The US-dollar's surprising strength since last July was largely attributed to "de-leveraging" and "risk-aversion," which are references to the unwinding of "carry trades," in the foreign exchange market. On April 6th, famed hedge-fund trader George Soros remarked, "The US-dollar is not strong because people want to hold the dollar, but it's strong because people have debt in dollars."

The enormous fortunes of Wall Street's aristocracy were built-up on the leveraging of debt, including "carry-trades," in order to buy exotic securities built around sub-prime mortgages, and other instruments of financial speculation. But when the global commodity and stock markets began to meltdown following the collapse of Lehman Brothers, carry-traders began massive de-leveraging, - the selling risky assets and buying US-dollars and Japanese-yen, to pay-down margin loans.

There was also a stunning contraction in the US-trade deficit, narrowing from $62.5-billion in August to $26-billion in February, its lowest level in nine-years, bolstering the greenback. The US current account deficit, which had increased for five straight years, fell to $673-billion in 2008 from $731-billion in 2007. The deficit equaled 4.7% of the overall US-economy last year, down from 5.3% in 2007.

But the US-dollar's "risk-aversion" rally came to an abrupt end on March 18th, when the Federal Reserve shocked the markets by announcing that it would unleash its nuclear weapon, - "Quantitative Easing," (QE) by printing $1.1-trillion US-dollars off its electronic printing press, to monetize US T-Notes and mortgage backed securities, in an all-out effort to prevent a deflationary spiral in the US-economy, which in turn, could lead to widespread defaults on debt and bankruptcies.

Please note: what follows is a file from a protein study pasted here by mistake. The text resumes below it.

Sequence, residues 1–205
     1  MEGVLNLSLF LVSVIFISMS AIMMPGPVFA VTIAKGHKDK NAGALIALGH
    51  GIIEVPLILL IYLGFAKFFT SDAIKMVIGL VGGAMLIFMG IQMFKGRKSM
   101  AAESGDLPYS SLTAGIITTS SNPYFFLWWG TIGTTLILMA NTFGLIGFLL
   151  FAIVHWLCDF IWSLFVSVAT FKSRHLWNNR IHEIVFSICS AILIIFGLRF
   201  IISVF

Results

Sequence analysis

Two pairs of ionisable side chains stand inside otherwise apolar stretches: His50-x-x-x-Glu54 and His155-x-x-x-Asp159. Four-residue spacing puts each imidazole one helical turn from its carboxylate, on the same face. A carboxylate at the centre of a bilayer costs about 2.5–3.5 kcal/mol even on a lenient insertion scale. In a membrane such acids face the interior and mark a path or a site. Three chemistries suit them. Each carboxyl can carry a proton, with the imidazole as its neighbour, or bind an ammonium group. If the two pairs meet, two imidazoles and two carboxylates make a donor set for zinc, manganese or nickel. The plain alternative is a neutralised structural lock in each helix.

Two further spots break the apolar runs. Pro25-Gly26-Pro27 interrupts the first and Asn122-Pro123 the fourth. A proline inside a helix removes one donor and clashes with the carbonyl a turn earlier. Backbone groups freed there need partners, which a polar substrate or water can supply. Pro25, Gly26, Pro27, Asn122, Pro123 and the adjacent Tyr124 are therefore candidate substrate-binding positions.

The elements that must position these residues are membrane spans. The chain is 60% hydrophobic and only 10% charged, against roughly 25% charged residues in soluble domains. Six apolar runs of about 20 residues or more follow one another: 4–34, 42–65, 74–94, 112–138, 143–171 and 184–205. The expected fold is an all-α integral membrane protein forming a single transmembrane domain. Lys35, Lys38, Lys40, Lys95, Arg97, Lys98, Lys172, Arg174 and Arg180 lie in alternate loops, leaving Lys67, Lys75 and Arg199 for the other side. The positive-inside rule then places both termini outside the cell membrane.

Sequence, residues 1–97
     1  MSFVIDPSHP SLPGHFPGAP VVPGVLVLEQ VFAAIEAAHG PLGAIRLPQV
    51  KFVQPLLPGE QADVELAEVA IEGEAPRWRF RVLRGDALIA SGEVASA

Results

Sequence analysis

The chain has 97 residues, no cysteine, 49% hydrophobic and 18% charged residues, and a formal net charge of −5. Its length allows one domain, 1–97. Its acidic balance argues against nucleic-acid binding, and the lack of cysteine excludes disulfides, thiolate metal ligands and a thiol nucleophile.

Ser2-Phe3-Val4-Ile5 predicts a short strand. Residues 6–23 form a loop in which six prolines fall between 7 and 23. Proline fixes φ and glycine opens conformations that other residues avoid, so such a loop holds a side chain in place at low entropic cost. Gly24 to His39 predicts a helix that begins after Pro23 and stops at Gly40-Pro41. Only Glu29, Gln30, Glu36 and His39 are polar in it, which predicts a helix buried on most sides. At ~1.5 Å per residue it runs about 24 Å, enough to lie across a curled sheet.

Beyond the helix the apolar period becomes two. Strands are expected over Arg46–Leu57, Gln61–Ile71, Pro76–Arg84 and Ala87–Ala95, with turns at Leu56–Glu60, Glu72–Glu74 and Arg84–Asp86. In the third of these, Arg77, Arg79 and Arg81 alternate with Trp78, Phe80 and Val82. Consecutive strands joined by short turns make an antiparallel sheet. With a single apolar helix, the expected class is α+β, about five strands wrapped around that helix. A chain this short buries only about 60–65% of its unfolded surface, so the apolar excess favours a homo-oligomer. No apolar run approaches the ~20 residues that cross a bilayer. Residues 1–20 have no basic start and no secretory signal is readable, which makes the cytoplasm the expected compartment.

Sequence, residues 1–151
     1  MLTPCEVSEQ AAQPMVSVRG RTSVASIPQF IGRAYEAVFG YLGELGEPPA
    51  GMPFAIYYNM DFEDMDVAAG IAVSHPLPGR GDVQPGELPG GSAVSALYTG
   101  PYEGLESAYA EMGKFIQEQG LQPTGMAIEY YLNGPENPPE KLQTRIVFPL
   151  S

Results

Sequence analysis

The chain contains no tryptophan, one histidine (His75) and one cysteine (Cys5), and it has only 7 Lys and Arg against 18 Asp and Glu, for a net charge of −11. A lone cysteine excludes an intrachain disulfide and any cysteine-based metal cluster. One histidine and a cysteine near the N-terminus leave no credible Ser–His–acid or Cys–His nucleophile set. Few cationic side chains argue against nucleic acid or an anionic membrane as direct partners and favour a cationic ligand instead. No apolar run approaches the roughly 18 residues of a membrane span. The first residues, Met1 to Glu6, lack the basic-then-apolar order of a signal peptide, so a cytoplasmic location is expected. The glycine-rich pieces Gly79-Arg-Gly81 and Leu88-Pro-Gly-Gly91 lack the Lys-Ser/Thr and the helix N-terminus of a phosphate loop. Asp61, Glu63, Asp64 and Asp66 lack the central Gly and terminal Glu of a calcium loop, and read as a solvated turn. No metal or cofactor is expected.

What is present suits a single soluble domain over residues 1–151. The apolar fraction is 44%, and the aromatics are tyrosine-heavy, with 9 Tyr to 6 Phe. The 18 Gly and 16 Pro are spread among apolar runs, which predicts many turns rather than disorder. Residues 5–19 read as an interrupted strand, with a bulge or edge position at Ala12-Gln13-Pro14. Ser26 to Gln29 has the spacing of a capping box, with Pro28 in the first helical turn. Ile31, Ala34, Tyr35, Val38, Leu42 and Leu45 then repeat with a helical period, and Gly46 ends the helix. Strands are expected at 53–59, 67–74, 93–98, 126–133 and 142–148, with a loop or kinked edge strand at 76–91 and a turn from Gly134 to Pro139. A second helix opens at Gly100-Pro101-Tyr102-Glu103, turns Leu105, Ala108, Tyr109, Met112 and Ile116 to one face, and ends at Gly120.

By pumping vast quantities of US-dollars into the global money markets, - easily outstripping the money printing operations in England, the Euro-zone, Japan, and Switzerland, the Fed has headed-off the prospect of deflation. Instead, the Fed has reawakened the "Commodity Super Cycle," led by the kingpin crude-oil market, which if feeding-off a weaker dollar, and ultra-low interest rates worldwide, climbing above $62 per barrel today, from as low as $35 in January.

The Fed has pumped $1-trillion into the banking system since July, increasing the monetary base to a record $1.87-trillion, while pegging the fed funds rate near zero-percent. Super-easy money, beloved by Fed chief Ben "Bubbles" Bernanke, US Treasury chief Tim "Turbo-tax" Geithner, corrupt Washington politicians and Wall Street Oligarchs, is a traditional recipe for an asset bubble. While the rapid expansion of the US-monetary base is buoying the gold market above $900 /oz, other G-20 central banks are also letting the inflation-genie out of its bottle, providing the yellow metal with a huge advantage over government toilet paper.

"Our actions have succeeded in pulling the financial markets and the economy from the edge of the abyss, beating back deflationary pressures, and set the stage for a recovery," declared Dallas Fed chief Richard Fisher on April 15th. Fisher argues the US-economy's low capacity utilization rate, near 69%, would keep inflationary pressures under wraps. "It is doubtful that inflation will raise its ugly head until employment picks-up and capacity utilization tightens," he said.

Higher inflation down the road means the Fed must at some point, break its addiction to easy-money, and dismantle the QE framework, which has flooded the money markets with hundreds of billions of dollars. "Nobody I know on the FOMC wants to maintain our current posture for any longer and to any greater degree than is minimally necessary to restore the efficacy of the credit markets and buttress economic recovery without inflationary consequences," Fisher said.

The FOMC "can ill afford to be perceived as monetizing that debt, lest we come to be viewed as an agent of inflation, rather than an independent guardian against future inflation," the Fed's propaganda artist said. Typically however, Fed officials continue to keep the printing presses rolling at full-speed, long after inflation has already reared its ugly head, and hyper-inflationary psychology becomes deeply embedded within the minds of commodity traders and the public at large.